Nurse educators may also teach a variety of courses, including how to use medical equipment. A company may hire a nurse educator to teach employees how to use a full face respirator. These gas masks protect your eyes and airways from exposure to harmful substances, including dust, gasoline, and lead. Using gas masks protects employees’ health. Companies in several fields, including those specializing in lead paint removal, construction, pest control, and mining, can benefit from providing gas masks to their employees.
Nurse educators may also work as health educators. Health educators focus on public health. They prepare and teach classes designed to inform the public about several health topics. They may also teach courses to other healthcare professionals.
The BLS reported the 2019 median income for post-secondary nursing instructors and was $74,600, while health educators earned median salaries of $55,220.
MSN degree holders are qualified to become medical and health services managers or insurance advisors. Medical and health services managers include clinical managers, health information managers, and nursing home administrators. Their duties vary based on the specific role they fill, but their primary objective is to ensure healthcare services are delivered effectively. Clinical managers oversee specific medical departments, such as physical therapy or surgical departments. Health information managers focus on securing patient records, while nursing home administrators establish budgets, hire staff, and create operational protocols for their nursing home.
Insurance advisors can help develop insurance plans and review claims to determine if an insurance company should approve them. For example, a patient who has a spinal cord injury (SCI) may be referred to a physical therapist who works with one of the world’s top bionics companies. Bionics companies create robot exoskeletons that support patients while they’re receiving physical therapy. These exoskeletons can enable patients in wheelchairs to stand and move their legs. This prevents their muscles from decaying and can help patients rebuild their strength after their injury. An insurance advisor may review the patient’s medical files before approving their claim.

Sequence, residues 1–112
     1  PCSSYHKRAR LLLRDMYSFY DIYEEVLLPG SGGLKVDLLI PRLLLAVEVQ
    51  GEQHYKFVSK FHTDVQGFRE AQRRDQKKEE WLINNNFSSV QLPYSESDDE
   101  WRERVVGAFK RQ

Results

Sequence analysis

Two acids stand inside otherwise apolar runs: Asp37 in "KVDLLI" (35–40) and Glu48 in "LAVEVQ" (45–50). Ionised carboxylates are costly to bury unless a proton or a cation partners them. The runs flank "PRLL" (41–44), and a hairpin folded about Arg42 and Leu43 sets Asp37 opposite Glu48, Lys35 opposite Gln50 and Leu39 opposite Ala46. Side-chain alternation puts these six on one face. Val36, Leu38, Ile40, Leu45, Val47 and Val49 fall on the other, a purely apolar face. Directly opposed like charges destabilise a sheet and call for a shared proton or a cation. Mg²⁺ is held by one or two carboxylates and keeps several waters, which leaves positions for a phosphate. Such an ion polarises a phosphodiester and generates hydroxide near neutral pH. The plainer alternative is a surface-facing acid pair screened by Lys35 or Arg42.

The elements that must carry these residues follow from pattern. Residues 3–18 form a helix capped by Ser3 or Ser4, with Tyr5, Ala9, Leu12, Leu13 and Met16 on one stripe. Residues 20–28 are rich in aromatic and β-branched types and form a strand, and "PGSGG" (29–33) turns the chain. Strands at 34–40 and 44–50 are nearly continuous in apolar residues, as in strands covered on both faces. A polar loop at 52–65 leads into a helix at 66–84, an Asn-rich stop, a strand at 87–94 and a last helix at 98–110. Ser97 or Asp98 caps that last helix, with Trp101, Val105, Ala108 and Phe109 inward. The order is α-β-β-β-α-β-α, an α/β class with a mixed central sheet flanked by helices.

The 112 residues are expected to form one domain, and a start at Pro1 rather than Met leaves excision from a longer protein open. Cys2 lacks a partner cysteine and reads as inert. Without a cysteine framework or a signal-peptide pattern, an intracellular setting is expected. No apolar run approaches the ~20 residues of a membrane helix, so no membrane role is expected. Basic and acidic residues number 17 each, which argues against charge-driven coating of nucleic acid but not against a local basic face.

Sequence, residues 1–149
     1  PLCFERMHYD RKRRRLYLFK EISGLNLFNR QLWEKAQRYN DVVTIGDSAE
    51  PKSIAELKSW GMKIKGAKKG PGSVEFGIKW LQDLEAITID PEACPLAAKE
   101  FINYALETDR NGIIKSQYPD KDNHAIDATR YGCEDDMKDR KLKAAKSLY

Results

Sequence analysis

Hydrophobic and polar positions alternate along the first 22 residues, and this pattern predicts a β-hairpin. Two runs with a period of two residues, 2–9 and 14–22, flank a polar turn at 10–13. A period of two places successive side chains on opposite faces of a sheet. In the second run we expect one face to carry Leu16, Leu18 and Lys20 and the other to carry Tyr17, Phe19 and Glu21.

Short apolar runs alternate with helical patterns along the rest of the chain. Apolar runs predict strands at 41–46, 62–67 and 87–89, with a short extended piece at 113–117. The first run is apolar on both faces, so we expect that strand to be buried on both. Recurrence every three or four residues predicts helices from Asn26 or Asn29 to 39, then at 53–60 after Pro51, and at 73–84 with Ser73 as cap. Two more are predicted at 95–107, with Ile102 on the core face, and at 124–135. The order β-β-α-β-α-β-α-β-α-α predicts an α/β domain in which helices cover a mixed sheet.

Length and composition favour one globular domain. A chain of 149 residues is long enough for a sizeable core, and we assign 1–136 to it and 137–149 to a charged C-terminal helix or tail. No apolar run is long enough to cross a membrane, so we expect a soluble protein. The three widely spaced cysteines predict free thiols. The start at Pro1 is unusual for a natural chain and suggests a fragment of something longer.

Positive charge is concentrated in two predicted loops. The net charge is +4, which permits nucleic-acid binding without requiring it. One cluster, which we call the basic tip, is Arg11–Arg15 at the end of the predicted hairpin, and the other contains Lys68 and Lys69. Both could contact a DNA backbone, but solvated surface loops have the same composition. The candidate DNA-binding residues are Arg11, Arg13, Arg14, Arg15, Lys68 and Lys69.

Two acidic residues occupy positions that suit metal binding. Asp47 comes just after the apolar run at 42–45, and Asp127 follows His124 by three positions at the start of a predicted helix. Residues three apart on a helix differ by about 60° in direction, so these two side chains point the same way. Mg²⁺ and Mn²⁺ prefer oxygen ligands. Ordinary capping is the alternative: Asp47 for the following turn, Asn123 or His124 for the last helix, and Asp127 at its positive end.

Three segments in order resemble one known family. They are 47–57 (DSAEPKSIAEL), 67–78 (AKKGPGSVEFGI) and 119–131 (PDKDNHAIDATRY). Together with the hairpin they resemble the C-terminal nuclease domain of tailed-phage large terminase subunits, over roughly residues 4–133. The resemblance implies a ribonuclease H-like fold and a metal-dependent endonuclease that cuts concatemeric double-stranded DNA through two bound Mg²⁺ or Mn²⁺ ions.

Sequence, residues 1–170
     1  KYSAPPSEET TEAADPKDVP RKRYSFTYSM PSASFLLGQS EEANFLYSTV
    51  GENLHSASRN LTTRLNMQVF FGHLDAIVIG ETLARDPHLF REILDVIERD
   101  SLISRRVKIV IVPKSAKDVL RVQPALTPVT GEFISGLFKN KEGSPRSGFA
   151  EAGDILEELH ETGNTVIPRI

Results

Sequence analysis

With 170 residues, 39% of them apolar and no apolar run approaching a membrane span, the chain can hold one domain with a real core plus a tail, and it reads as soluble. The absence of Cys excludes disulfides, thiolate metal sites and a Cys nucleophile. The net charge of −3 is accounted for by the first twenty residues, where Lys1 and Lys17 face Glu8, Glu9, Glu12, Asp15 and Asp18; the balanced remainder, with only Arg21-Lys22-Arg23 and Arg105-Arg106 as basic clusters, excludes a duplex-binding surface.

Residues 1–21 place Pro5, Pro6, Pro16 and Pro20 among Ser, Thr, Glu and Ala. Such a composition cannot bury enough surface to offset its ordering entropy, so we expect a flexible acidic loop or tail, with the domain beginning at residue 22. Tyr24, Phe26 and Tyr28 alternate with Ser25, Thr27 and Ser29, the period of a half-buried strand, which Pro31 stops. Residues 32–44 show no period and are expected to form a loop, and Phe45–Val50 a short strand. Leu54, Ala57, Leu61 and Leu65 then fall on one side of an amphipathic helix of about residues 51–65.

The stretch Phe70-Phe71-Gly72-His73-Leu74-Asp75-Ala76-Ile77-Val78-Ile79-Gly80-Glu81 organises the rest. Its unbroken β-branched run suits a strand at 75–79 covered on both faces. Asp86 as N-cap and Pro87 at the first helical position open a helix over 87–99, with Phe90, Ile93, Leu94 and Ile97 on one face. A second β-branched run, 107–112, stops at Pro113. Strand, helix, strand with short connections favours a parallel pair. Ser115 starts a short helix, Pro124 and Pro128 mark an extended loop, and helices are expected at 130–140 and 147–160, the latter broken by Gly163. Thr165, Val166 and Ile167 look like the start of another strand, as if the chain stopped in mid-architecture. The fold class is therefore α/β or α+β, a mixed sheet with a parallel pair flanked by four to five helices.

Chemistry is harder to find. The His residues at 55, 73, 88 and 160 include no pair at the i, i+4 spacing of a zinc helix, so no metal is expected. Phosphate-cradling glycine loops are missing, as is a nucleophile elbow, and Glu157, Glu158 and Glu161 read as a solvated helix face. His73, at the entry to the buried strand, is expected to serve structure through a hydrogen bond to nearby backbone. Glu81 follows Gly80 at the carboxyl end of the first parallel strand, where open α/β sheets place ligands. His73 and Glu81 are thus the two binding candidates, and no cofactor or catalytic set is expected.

Medical and health services managers took home median annual incomes of $100,980 in 2019, per the BLS. The BLS projects job opportunities for these professionals will increase by 32 percent between 2019 and 2029.
4. Legal Nurse Consultant
Legal nurse consultants review medical records and perform research for legal cases. A personal injury attorney may hire a legal nurse consultant to provide background research before negotiating a settlement with an insurance company or the person responsible for their client’s injuries. They may also use the information provided by the legal nurse consultant to strengthen their legal case. Legal nurse consultants may also work on criminal, medical malpractice, and birth injury cases. Their responsibilities may include testifying in court.
Legal nurse consultants typically work on contracts, and their salaries vary based on the nature and frequency of the contracts.
There are multiple career options for individuals with an MSN degree. Career options include being an APRN, a nurse educator, an administrator, or a legal nurse consultant.